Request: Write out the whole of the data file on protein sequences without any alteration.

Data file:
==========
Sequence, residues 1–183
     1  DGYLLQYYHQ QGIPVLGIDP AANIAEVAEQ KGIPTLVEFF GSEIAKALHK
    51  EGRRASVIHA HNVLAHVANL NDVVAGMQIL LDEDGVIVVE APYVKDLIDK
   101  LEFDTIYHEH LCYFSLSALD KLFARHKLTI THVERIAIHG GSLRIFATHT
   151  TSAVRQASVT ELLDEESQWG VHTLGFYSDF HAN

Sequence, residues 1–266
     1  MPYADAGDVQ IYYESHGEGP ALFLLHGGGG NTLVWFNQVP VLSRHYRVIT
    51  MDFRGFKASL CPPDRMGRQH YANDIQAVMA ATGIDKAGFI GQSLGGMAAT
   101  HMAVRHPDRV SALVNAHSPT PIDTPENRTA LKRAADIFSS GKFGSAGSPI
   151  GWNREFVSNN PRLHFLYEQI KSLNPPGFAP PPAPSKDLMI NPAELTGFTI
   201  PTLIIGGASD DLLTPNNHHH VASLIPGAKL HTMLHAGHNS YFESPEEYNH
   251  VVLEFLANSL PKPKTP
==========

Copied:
Sequence, residues 1–183
     1  DGYLLQYYHQ QGIPVLGIDP AANIAEVAEQ KGIPTLVEFF GSEIAKALHK
    51  EGRRASVIHA HNVLAHVANL NDVVAGMQIL LDEDGVIVVE APYVKDLIDK
   101  LEFDTIYHEH LCYFSLSALD KLFARHKLTI THVERIAIHG GSLRIFATHT
   151  TSAVRQASVT ELLDEESQWG VHTLGFYSDF HAN

Sequence, residues 1–266
     1  MPYADAGDVQ IYYESHGEGP ALFLLHGGGG NTLVWFNQVP VLSRHYRVIT
    51  MDFRGFKASL CPPDRMGRQH YANDIQAVMA ATGIDKAGFI GQSLGGMAAT
   101  HMAVRHPDRV SALVNAHSPT PIDTPENRTA LKRAADIFSS GKFGSAGSPI
   151  GWNREFVSNN PRLHFLYEQI KSLNPPGFAP PPAPSKDLMI NPAELTGFTI
   201  PTLIIGGASD DLLTPNNHHH VASLIPGAKL HTMLHAGHNS YFESPEEYNH
   251  VVLEFLANSL PKPKTP